Wednesday, February 19, 2014

Wednesday, February 19, 2014 7:41 am by Cristina in , , , ,    No comments
The St. Louis Post-Dispatch Book Blog has good news for fans of erotic retellings of Brontë novels in general and Wuthering Nights by I.J. Miller in particular:
Emily Bronte never came across an audiobook on the windswept Yorkshire moors, but her name is now attached to a nominee in this year's Audie awards.
She gets co-author credit for "Wuthering Nights," one of the finalists in this year's new "erotica" category for best audiobook.
Published in the early Victorian era (1847), "Wuthering Heights" was a shocking, violent tragedy about love, passion, nature and culture. Joyce Carol Oates, called it, however, "fiercely chaste."
Nonetheless, presumably Heathcliff and Catherine consummate their love in I.J. Miller's "Wuthering Nights." And no doubt a bit of violence may be involved: The new Audie category was inspired by the popularity of the bondage romance "Fifty Shades of Grey."
It's the 19th year for the Audie awards, given by the Audio Publishers Association. Nominees included in other categories are "I Am Malala," "My Beloved World," "The Goldfinch" and "The Son." Awards will be given May 29. (Jane Henderson)
The Daily Beast looks at another 'genre': twisted marriage thrillers.
It was not until the mid-nineteenth century that the Gothic was truly domesticated and marriage became a focal point; take Wilkie Collins’s sensationalist mysteries, Mary Elizabeth Braddon’s Lady Audley’s Secret, and, of course, Charlotte Brontë’s Jane Eyre — perhaps the original and still the best marriage thriller of them all (if you discount the story of Bluebeard, of course), Rochester keeps his first wife, now mad, locked away in the attic of his home Thornfield Hall while setting about wooing poor, plain Jane Eyre. (Lucy Scholes)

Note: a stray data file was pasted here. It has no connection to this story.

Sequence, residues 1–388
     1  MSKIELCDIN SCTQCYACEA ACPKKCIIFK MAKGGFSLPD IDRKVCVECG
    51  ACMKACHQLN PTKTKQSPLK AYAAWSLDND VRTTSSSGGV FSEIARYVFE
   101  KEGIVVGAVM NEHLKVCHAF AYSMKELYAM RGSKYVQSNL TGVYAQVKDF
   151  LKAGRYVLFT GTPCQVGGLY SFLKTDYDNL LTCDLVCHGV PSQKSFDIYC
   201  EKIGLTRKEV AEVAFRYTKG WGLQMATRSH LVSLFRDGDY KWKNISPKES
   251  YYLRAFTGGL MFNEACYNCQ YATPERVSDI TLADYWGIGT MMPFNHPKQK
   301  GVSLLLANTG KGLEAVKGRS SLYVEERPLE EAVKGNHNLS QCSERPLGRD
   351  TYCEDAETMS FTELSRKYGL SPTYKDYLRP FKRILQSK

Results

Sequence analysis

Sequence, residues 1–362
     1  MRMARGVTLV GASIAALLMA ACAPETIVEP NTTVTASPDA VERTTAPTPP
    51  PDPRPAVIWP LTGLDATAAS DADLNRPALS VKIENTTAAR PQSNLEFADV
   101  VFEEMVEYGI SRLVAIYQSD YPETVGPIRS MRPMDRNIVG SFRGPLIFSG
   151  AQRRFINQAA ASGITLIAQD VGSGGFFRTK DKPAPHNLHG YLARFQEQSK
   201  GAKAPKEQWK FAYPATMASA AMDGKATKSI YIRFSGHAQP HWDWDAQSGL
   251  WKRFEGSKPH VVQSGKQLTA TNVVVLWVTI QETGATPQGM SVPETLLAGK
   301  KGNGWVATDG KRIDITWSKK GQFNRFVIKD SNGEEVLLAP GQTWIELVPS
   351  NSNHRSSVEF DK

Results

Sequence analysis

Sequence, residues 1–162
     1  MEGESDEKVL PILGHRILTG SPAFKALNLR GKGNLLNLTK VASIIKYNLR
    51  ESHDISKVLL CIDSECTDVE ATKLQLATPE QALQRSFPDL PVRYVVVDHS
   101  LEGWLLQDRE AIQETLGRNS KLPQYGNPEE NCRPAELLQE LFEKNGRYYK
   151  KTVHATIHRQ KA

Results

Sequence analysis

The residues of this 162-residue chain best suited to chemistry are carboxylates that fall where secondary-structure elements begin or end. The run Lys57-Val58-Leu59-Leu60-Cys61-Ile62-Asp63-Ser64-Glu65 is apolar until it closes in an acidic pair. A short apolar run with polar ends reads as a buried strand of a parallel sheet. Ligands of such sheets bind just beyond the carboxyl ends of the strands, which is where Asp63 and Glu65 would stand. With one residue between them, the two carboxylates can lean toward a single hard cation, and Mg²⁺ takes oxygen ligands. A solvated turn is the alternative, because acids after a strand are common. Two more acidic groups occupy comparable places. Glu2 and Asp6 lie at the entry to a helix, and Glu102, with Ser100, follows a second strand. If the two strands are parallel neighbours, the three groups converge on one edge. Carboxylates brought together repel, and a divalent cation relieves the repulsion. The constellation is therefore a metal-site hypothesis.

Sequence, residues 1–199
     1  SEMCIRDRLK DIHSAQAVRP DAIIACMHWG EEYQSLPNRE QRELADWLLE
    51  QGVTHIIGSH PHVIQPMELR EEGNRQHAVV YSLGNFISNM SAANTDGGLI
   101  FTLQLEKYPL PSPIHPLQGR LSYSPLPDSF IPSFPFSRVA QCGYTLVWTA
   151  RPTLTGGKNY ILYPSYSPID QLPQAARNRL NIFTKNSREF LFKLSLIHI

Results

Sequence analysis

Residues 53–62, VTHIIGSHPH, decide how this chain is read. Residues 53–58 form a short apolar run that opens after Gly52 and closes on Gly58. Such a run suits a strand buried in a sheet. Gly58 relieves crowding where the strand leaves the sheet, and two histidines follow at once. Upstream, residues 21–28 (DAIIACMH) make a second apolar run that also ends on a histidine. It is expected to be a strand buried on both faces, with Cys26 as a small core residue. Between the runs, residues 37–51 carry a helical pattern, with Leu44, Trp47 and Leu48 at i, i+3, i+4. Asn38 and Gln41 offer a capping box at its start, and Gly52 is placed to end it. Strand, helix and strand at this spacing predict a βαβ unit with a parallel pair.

And good news for Haworth residents and visitors alike, as it looks like the public toilets which were about to be closed down will finally be spared, as The Telegraph and Argus reports.
Campaigners fighting to save public toilets in Haworth, Baildon and Ilkley said they are delighted by budget revisions which look set to spare them from the axe.
Former television presenter Christa Ackroyd was part of the campaign to keep Haworth’s Central car park toilets open.
She said: “This has been a real victory for people power and something the Brontes – and Patrick in particular – would approve.
“We’re all well aware of difficult decisions having to be made and I would thank Bradford Council for a commonsense decision made after listening to people.”
Councillor Andrew Thornton, the executive member for environment, sport and sustainability said yesterday how well-presented petitions and organised opposition to the plan had been a key factor.
He said: “I’ve been impressed by the petitions and constructive attitude shown by parish councils.”
Household Waste Recycling Centres are also set to stay open seven days per week.
Coun Thornton said: “We have been working hard to find other savings and other ways to mitigate the impact on services.
“As a result we are now able to withdraw the proposal for mid-week closures and reduced opening hours at Household waste sites.” (Chris Tate)
The Dragon's Cache has a post on a print of Haworth and the memories it brings.


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